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DoubleZero: Glossary and Terminology

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DoubleZero is about 50% edited at this point. My goal is to release it this week, barring any unpleasant surprises. There are still two main challenges to overcome: space, and the game’s glossary and terminology.

The first challenge is to make everything essential fit into the 96-page digest format. I’ve already cut the character sheet and turned it into a stand-alone document, which will be included with the PDF and also downloadable from the Dancing Lights Press website. Some nice-to-have but non-essential material will find its way into blog posts, future issues of the Hippogryph zine, and other DoubleZero sourcebooks.

The second obstacle, glossary and terminology, extends beyond DoubleZero. Originally I wanted to use most of the terms used by the British Secret Agent Game. I always thought some of them were weird (Mountaineering instead of Climbing, Fire Combat instead just about anything). The more I worked on it, the more some of the wording rubbed me the wrong way. I’ve been changing it to wording that feels right for the year 2020.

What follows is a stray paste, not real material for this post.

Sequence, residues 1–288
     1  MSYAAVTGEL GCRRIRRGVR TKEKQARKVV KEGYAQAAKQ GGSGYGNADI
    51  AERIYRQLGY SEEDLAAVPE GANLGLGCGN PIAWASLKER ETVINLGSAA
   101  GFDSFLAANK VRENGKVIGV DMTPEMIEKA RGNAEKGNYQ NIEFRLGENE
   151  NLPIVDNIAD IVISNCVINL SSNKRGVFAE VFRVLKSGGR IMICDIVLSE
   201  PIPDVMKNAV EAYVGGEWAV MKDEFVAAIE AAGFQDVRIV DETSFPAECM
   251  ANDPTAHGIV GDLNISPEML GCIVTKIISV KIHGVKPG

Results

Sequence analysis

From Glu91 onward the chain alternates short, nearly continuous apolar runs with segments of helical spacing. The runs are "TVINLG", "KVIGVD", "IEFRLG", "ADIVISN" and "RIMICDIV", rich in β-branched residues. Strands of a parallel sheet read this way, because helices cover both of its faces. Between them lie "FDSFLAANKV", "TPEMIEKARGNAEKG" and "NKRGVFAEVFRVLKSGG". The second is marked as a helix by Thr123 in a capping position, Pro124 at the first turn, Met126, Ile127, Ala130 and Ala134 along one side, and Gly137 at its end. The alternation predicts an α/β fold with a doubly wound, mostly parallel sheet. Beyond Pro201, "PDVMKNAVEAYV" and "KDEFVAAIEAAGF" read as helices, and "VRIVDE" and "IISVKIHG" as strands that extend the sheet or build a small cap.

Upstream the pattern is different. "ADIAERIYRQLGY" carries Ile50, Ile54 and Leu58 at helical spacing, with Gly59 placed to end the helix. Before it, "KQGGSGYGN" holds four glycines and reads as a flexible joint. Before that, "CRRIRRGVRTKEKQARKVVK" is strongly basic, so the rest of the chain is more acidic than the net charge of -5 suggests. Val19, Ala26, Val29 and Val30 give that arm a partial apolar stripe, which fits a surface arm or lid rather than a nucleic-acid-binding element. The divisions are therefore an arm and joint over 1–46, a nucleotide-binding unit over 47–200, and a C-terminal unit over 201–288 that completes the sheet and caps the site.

That bit of editing also led me to the decision to create a Dancing Lights Press standard. I want to use the same terms across the board. That includes the Hippogryph Codex, creative aids, everything. I’m not likely to go back and change books that have already been published, but I want a “house glossary” going forward. It will likely end up as a page on the website.

These has meant not just sorting out whether to call character statistics “attributes” or “characteristics”, it means creating a standardized skill list, settling on naming conventions for abilities, and deciding which familiar RPG jargon works and which feels awkward, dated, or innacurate.

About Dancing Lights Press

Dancing Lights Press publishes creative aids and story games that embrace a minimalist aesthetic in design and presentation. The spotlight belongs on the creativity of the players as they converse and collaborate on plot, worldbuilding, and character development. Roleplaying is an activity, not a book. Our titles are merely part of the delivery system.